TELL US YOur STory

We'd love to hear your stories about diversity in Canberra. Sharing via social media using the #diversitygoeswith will ensure everyone hears your story, but you can also contact us using this form. 

Anonymous Information/Report

You can also use this form to anonymously notify us about issues of concern. The ACT Human Rights Commission encourages residents of Canberra to notify us about any serious instances of discrimination or  vilification. 

Anonymous information you provide may assist in delivering the services and support to those who really need them. Please provide as much detail as you can about what happened, including where it occurred and when it happened. This will aid us to better understand what you are reporting. 

Make a Formal Complaint Instead? 

An anonymous report made using this form is not the same as making a formal complaint to us. We may be able to resolve your concerns if you choose to make a complaint, and there is more information about our complaint handling role on our discrimination webpage.

Please note, if you choose to use this form to provide anonymous information, rather than  a formal complaint via our discrimination webpage, we cannot tell you the outcome of our investigation of your concerns. 

           

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The stats

According to the 2011 census:

  • Nearly a third (28.6%) of Canberrans were born overseas
  • A fifth (18%) speak a language other than English at home
  • 1.5% of ACT residents identify as Aboriginal and/or Torres Strait Islander

According to survey research in 2007 completed by the Challenging Racism Project at the University of Western Sydney:

  • 95% of ACT respondents believed cultural diversity was a good thing, and a mere 1.7% disagreed.

However,

  • A quarter of ACT respondents felt that Australia could be weakened by cultural retention among ethnic minorities, although in the other states that level of agreement was at about 40%.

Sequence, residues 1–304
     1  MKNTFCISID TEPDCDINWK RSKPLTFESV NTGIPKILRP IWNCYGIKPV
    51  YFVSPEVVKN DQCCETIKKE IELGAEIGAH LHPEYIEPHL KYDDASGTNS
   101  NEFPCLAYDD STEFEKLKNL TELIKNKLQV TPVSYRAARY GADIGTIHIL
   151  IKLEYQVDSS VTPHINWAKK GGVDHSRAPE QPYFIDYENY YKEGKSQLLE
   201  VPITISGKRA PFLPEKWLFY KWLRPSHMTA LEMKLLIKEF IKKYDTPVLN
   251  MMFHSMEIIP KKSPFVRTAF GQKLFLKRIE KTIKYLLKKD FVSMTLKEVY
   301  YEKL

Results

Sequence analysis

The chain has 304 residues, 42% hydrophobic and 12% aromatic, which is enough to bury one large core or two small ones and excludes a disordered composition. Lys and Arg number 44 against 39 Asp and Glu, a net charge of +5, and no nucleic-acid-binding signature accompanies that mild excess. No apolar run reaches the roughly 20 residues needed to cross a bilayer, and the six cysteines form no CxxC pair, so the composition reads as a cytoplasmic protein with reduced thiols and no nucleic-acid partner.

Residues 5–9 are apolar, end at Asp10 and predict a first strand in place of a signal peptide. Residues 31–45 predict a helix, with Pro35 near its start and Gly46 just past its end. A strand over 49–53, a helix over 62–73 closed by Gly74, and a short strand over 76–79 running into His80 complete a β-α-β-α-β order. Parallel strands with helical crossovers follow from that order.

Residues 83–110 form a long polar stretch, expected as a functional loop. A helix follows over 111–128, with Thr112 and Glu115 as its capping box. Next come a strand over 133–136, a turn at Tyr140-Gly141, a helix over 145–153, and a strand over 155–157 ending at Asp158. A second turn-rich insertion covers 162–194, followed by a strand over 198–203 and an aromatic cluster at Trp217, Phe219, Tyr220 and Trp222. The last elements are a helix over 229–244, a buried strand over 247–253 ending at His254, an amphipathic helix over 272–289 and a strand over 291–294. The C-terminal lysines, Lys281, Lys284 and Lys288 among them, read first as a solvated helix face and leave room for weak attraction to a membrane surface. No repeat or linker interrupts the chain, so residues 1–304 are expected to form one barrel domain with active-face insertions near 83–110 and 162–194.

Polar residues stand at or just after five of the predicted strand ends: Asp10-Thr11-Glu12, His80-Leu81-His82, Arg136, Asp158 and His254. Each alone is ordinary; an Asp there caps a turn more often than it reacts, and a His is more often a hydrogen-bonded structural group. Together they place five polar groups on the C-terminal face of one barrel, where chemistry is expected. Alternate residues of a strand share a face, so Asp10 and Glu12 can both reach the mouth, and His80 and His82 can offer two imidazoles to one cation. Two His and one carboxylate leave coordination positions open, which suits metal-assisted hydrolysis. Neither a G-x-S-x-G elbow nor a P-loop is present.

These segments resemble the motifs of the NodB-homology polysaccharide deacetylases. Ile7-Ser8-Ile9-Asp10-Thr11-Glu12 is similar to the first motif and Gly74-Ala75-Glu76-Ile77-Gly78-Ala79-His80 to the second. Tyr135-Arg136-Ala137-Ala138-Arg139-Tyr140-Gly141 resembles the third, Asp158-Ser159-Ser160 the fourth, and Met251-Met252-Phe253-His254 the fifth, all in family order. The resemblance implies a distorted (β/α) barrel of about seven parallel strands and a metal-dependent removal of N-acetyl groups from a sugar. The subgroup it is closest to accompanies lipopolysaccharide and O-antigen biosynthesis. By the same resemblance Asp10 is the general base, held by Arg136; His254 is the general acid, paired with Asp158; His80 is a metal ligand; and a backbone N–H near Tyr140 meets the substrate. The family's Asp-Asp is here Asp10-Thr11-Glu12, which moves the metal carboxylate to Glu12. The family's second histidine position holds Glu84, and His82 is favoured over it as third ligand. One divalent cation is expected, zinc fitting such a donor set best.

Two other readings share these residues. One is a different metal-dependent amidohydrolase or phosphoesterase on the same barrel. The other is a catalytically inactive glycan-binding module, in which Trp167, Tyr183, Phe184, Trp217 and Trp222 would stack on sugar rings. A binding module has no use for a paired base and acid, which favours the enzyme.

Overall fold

• ACT respondents were never the least likely, across any of the spheres of life, to have experienced racism. In all of the spheres of life the ACT respondents were more likely to have experienced racism than their peers in at least one other state.
  • ACT respondents were the most likely to have suffered disrespect based on their ethnic origin, although only at a marginally higher rate than for the other states (23.5% ACT versus 22% rest).
  • However, ACT respondents had a substantially higher likelihood of exposure to racism in the sphere of education. The rate in ACT was 20.3% whereas it was only 15% in NSW/Qld, 16% in South Australia, and 17% in Victoria). 
  • Further, over 40% of respondents revealed some degree of concern regarding out-marriage of a close friend or relative to someone of Muslim faith, nearly double the rate for the group of second most concern – persons of Aboriginal background (21.4%).

Based on ACT HRC data

  • Race discrimination and vilification complaints combined after being either the top or second top area of complaint to the ACT Human Rights and Discrimination Commissioner in recent years.